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Book cover of A Canticle for Leibowitz

A Canticle for Leibowitz

by Walter Miller

Publisher: Random House Publishing Group
Pages: 368
Mass Market Paperback
ISBN: 9780553273816

Available to Buy

Overview of A Canticle for Leibowitz

Deep in the Utah desert, Brother Francis of the Albertian Order of Leibowitz has miraculously discovered the relics of the martyr Isaac Leibowitz himself, including the blessed blueprint and the sacred shopping list. They may provide a ray of hope in a terrifying age of darkness, a time of ignorance and genetic monsters that are the unholy aftermath of the Flame Deluge. As the mystery unfolds, it is the search for meaning, for truth, and for love, that offers hope to a humanity teetering on the edge of an abyss.

"Angry and eloquent...a terrific story." (New York Times)

Synopsis of A Canticle for Leibowitz

Winner of the 1961 Hugo Award for Best Novel and widely considered one of the most accomplished, powerful, and enduring classics of modern speculative fiction, Walter M. Miller, Jr.'s A Canticle for Leibowitz is a true landmark of twentieth-century literature — a chilling and still-provocative look at a post-apocalyptic future.

In a nightmarish ruined world slowly awakening to the light after sleeping in darkness, the infant rediscoveries of science are secretly nourished by cloistered monks dedicated to the study and preservation of the relics and writings of the blessed Saint Isaac Leibowitz. From here the story spans centuries of ignorance, violence, and barbarism, viewing through a sharp, satirical eye the relentless progression of a human race damned by its inherent humanness to recelebrate its grand foibles and repeat its grievous mistakes. Seriously funny, stunning, and tragic, eternally fresh, imaginative, and altogether remarkable, A Canticle for Leibowitz retains its ability to enthrall and amaze. It is now, as it always has been, a masterpiece.

About the Author, Walter Miller

Walter M. Miller, Jr. grew up in the American South and enlisted in the Army Air Corps a month after Pearl Harbor. He spent most of World War II as a radio operator and tail gunner, participating in more than fifty-five combat sorties, among them the controversial destruction of the Benedictine abbey at Monte Cassino, the oldest monastery in the Western world. Fifteen years later he wrote A Canticle for Leibowitz. The sequel, Saint Leibowitz and the Wild Horse Woman, followed after nearly forty years.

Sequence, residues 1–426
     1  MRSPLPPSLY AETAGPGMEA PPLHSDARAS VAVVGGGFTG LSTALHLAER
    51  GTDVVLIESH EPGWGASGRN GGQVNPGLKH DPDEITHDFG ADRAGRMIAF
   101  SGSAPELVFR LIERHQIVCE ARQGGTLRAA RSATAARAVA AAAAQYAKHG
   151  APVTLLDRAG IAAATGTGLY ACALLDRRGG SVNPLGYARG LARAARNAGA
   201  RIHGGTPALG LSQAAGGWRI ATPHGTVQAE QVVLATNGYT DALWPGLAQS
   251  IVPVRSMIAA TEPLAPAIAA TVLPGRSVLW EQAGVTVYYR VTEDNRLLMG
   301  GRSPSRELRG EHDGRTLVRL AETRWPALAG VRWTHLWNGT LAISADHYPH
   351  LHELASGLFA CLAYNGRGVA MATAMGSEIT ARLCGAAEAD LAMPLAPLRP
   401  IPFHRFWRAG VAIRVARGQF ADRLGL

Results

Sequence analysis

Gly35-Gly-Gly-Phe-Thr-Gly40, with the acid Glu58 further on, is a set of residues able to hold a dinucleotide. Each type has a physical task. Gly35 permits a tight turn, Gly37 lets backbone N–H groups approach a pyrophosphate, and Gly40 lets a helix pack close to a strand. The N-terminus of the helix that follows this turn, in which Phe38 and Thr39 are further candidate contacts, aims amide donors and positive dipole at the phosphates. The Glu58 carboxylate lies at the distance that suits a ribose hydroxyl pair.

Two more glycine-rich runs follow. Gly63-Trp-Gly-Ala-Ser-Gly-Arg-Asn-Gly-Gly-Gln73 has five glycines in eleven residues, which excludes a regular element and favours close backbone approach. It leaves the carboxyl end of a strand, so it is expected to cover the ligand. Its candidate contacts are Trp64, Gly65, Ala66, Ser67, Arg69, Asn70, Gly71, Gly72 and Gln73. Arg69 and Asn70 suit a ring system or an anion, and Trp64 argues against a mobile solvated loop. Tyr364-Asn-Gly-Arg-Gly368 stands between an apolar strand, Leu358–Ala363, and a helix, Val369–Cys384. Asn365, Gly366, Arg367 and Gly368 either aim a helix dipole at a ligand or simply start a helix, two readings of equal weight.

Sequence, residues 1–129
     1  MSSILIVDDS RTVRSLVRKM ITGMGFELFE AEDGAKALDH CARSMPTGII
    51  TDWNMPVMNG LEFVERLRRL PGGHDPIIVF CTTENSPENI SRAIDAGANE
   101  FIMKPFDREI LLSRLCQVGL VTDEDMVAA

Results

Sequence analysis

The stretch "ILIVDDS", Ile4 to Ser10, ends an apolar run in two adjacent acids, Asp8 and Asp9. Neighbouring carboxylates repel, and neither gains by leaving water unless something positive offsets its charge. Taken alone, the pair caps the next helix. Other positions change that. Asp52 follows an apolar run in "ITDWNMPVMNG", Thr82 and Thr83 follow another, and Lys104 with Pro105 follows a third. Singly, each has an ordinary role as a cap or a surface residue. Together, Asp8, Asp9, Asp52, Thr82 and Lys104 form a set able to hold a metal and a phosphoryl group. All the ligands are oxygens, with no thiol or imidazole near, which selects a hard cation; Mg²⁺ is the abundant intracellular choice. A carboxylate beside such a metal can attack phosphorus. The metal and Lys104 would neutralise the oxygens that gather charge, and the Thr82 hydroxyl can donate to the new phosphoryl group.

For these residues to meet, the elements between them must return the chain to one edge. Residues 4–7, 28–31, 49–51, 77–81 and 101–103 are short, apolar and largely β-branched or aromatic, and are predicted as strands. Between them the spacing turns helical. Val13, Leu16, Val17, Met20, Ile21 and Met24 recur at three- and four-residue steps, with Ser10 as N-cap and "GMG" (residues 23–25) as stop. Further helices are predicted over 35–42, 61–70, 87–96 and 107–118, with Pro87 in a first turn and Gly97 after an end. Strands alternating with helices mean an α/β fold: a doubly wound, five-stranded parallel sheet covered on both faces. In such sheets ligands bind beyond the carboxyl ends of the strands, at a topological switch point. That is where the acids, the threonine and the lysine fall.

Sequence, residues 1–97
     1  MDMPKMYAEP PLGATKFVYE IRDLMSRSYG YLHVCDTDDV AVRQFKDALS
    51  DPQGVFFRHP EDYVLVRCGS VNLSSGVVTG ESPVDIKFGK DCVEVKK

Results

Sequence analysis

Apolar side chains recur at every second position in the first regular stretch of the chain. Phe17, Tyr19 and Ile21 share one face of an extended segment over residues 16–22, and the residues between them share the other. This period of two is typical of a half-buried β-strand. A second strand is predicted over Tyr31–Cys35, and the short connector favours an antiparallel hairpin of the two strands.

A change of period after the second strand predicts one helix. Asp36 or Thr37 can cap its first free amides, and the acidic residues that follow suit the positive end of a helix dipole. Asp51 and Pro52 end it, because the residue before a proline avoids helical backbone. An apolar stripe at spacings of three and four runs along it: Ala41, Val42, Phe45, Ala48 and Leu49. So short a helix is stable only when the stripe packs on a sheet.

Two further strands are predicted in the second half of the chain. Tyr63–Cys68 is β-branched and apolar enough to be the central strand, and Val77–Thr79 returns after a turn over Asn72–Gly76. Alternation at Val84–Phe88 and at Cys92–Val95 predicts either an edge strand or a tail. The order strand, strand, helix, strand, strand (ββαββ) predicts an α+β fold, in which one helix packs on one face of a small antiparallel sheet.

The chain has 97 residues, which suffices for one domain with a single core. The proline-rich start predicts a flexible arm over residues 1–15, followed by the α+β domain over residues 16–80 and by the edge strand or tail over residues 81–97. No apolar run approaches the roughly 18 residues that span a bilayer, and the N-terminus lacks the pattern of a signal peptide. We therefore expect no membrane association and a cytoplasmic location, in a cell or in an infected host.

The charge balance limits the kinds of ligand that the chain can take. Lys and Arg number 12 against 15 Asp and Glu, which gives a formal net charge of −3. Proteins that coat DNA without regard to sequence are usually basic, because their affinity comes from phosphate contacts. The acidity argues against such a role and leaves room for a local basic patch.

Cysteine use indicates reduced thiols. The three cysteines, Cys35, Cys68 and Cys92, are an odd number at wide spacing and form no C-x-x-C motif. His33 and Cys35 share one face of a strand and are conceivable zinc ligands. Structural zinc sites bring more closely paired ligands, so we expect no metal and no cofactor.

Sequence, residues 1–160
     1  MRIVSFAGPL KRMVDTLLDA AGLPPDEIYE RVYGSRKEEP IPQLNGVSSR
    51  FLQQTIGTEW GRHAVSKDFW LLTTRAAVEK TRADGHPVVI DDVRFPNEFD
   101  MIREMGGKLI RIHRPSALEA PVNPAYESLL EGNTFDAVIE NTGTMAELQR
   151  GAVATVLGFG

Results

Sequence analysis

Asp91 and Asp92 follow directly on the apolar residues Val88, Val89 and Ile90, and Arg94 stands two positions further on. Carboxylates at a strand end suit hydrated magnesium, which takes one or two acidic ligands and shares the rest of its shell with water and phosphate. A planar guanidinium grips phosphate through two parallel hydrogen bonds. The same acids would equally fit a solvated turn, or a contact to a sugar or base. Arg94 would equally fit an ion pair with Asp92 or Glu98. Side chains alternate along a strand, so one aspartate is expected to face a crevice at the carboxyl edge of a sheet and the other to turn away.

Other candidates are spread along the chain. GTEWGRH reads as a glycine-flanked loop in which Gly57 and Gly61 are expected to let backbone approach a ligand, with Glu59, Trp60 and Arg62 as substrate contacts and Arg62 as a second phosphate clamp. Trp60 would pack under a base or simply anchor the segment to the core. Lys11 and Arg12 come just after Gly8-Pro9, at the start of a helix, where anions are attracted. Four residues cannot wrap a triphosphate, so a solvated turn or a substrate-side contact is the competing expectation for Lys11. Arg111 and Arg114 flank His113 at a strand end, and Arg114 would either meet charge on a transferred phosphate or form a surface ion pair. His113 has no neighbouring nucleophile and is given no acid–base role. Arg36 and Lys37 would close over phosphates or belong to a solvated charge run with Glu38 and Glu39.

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From Barnes & Noble

The Barnes & Noble Review
In the introduction to this visually stunning reissue of Walter M. Miller, Jr.'s 1959 postapocalyptic classic, Mary Doria Russell classifies the Hugo Award–winning A Canticle for Leibowitz as Literature with a capital L: a novel that will change all those who read it. She couldn't be more correct -- this bitingly cynical and disturbingly prophetic look at the future of humankind will chill readers to the bone.

Centuries after a nuclear war devastated the Earth, Brother Francis Gerard of Leibowitz Abbey is on a Lenten fast in the Utah desert when he uncovers an ancient fallout survival shelter containing puzzling clues into pre-Flame Deluge culture. Some of the findings may even have belonged to martyred "booklegger" Isaac Edward Leibowitz himself, a priest who dedicated his life to saving knowledge for future generations. But will Brother Gerard's discovery help humankind avoid another self-inflicted catastrophe?

Almost a half century after it was first published, A Canticle for Leibowitz hasn't lost any of its megaton punch: If anything, Miller's words relating to humankind's propensity for self-destruction have taken on a kind of eerie aura of prophecy: "Is the species congenitally insane, Brother?… Are we doomed to do it again and again and again? Have we no choice but to play the Phoenix in an unending sequence of rise and fall?… Are we doomed to it, Lord, chained to the pendulum of our own mad clockwork, helpless to halt its swing?" A fascinating and paradoxical novel by an equally paradoxical man, A Canticle for Leibowitz is undeniably one of the best science fiction novels of all time. Russell sums it up perfectly: "You'll be different when you finish it." Paul Goat Allen

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